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High-temperature superconductive conductor winding
5506198 High-temperature superconductive conductor winding
Patent Drawings:Drawing: 5506198-2    Drawing: 5506198-3    Drawing: 5506198-4    
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Inventor: Sato
Date Issued: April 9, 1996
Application: 08/301,923
Filed: September 6, 1994
Inventors: Sato; Kenichi (Osaka, JP)
Assignee:
Primary Examiner: Ryan; Patrick J.
Assistant Examiner: Jewik; Patrick R.
Attorney Or Agent: Pennie & Edmonds
U.S. Class: 428/688; 428/689; 505/211; 505/230; 505/231; 505/236; 505/239; 505/704
Field Of Search: 505/230; 505/231; 505/236; 505/237; 505/239; 505/211; 505/701; 505/702; 505/703; 505/704; 428/688; 428/689; 428/209; 428/930
International Class: H01F 6/06
U.S Patent Documents: 3281737; 3813764; 4499443; 4952554; 4977039; 4994435; 5063200; 5064809; 5168259; 5173678
Foreign Patent Documents: 0045604A3; 0292684A2
Other References: Geballe, "Paths to Higher Temperature Superconductors", Science, vol. 259, pp. 1550-1551 (1993)..
Parker (ed.), McGraw-Hill Dictionary of Chemical Terms, pp. 106-107, McGraw-Hill, New York..
Williams et al., "Chemical Compatibility of High-Temperature Superconductors with Other Materials", Chemistry of High-Temperature Superconductors II, pp. 291-302, American Chemical Society, Washington, D.C. (1988)..









Abstract: In a high-temperature superconductive conductor winding (1) comprising a tape-shaped high-temperature superconducting wire (2) which is combined with a metal 5 and wound into the form of a double pancake coil, the length of a throughout portion (5) provided between pancakes (4, 6) is at least four times the width of the tape-shaped high-temperature superconducting wire. Thus, it is possible to suppress generation of shearing stress at 10 the throughout portion (5), thereby preventing reduction of the critical current density caused by such shearing stress.
Claim: What is claimed is:

1. A high-temperature superconductive conductor winding comprising a tape-shaped high-temperature superconducting wire that comprises silver-sheathed bismuth cuprate oxidesuperconductor, said wire being covered with a metal sheath and wound into the form of a double pancake coil having first and second pancakes and a throughout portion provided between said first and second pancakes, wherein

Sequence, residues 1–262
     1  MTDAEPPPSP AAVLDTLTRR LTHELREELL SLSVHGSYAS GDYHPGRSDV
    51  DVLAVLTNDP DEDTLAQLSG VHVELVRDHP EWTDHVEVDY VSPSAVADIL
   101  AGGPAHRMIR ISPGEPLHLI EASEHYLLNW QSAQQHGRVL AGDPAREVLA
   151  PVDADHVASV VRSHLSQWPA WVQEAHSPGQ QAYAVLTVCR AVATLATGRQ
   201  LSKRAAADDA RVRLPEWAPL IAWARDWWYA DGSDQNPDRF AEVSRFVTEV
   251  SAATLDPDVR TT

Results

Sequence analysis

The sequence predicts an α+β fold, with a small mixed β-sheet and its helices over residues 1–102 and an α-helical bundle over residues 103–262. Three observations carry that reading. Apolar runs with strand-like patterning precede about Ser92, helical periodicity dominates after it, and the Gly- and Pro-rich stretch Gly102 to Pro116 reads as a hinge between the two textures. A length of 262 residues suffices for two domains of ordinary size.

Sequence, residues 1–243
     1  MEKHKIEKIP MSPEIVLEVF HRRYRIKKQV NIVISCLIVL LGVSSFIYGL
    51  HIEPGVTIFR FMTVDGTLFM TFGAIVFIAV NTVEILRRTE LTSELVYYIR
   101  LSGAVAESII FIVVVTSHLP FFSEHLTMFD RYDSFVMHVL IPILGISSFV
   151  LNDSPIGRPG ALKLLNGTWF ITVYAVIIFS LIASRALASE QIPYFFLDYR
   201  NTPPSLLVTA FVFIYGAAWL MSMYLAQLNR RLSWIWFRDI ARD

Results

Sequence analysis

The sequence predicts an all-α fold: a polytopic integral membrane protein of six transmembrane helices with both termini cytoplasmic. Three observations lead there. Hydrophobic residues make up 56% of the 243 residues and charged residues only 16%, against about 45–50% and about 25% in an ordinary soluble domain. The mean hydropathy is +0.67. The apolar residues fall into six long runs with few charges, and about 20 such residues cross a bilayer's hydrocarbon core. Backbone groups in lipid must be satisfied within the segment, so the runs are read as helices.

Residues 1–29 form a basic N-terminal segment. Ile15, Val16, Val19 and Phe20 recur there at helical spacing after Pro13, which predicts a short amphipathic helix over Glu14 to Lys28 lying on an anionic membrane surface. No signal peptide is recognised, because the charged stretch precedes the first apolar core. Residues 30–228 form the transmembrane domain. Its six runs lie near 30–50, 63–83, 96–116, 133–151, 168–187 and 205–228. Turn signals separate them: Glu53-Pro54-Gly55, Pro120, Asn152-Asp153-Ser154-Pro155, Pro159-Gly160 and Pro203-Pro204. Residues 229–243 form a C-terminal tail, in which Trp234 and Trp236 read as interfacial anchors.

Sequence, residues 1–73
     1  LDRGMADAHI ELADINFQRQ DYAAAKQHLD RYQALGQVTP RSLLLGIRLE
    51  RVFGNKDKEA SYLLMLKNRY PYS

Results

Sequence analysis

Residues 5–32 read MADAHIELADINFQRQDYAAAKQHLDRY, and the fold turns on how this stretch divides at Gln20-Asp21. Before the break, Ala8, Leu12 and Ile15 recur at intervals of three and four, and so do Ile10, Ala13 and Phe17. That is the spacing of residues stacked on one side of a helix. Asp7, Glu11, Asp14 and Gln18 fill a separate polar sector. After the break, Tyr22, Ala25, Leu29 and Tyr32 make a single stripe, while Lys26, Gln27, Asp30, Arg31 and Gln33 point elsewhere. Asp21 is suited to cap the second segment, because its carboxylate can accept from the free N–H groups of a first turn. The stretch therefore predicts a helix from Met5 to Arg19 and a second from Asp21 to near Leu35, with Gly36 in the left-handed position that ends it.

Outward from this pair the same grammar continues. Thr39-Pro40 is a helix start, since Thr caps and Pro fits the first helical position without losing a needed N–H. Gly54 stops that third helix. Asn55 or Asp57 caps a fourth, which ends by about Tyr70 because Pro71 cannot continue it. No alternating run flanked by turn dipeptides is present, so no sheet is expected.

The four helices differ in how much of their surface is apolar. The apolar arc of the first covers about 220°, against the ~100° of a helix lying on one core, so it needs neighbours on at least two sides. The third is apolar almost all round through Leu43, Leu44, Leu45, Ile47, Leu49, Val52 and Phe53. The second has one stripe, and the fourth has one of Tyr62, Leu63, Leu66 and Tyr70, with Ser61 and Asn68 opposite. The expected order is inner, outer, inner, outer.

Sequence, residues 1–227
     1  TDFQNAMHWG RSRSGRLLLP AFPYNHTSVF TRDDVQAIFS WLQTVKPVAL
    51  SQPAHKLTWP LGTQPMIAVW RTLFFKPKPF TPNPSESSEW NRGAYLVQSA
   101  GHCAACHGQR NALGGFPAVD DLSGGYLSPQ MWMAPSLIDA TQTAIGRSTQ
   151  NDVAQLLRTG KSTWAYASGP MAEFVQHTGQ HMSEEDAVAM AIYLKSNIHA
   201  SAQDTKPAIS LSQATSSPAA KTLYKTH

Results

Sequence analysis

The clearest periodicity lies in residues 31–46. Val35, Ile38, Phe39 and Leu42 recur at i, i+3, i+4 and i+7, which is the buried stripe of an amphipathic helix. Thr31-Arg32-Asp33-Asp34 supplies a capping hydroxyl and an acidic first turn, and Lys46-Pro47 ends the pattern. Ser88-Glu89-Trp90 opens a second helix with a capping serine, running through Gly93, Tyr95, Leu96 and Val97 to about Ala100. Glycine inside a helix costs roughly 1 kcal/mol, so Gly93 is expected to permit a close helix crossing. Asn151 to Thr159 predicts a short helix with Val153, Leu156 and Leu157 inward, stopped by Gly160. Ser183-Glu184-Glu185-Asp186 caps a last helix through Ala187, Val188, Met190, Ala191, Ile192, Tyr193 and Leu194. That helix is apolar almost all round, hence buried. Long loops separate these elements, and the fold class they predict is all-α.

.THETA. is selected to be at most 30.degree. and d is selected to be at least 0.1 mm and at most W, and winding diameter of each pancake is selected to be at least 10 mm, when the length (L) of said throughout portion is defined as

L=(W+D)/sin.THETA.,

where W represents width of the metal sheath,

d represents distance between first and second pancakes, and

.THETA. represents an angle formed by the center line at a central portion in longitudinal direction of the throughout portion and the center line of the wire in each pancake.

2. The high-temperature superconductive conductor winding of claim 1 wound about a bobbin having a diameter of at least 10 mm.

3. The high-temperature superconductive conductor winding of claim 1, wherein L.gtoreq.4 W.

4. The high-temperature superconductive conductor winding of claim 3, wherein W is approximately 4 mm and wherein L ranges from 15 to 30 mm.

5. The high-temperature superconductive conductor winding of claim 1, wherein said wire is coated with a thermally insulating film selected from the group consisting of formal resin and polyimide resin.
Description: FIELD OF THE INVENTION

The present invention relates to a high-temperature superconductive conductor winding. More specifically, the present invention relates to improvement of properties, particularly the critical current property, of such a high-temperaturesuperconductive conductor winding.

DESCRIPTION OF THE BACKGROUND ART

A high-temperature superconductive material, which is known as a ceramic superconductor, is coated with a metal and strongly worked into a thin tape by deformation processing. It has been recognized possible to attain a high critical currentdensity by combining such deformation processing with heat treatment.

In order to apply such a tape-shaped high-temperature superconducting wire to a coil, for example, it is necessary to wind the wire, generally around a bobbin. In particular, such a tape shaped high-temperature superconducting wire is properlywound into the form of a double pancake coil. In such a double pancake coil, a single high-temperature wire is adapted to form two coil portions. Therefore, a throughout portion extending from one coil portion to the other coil portion is required. Inrelation to employment of the tape-shaped high-temperature superconducting wire, however, it has been recognized that the critical current density is reduced due to shearing stress which is applied to the throughout portion, since the wire is necessarilytwisted at the throughout portion.

SUMMARY OF THE INVENTION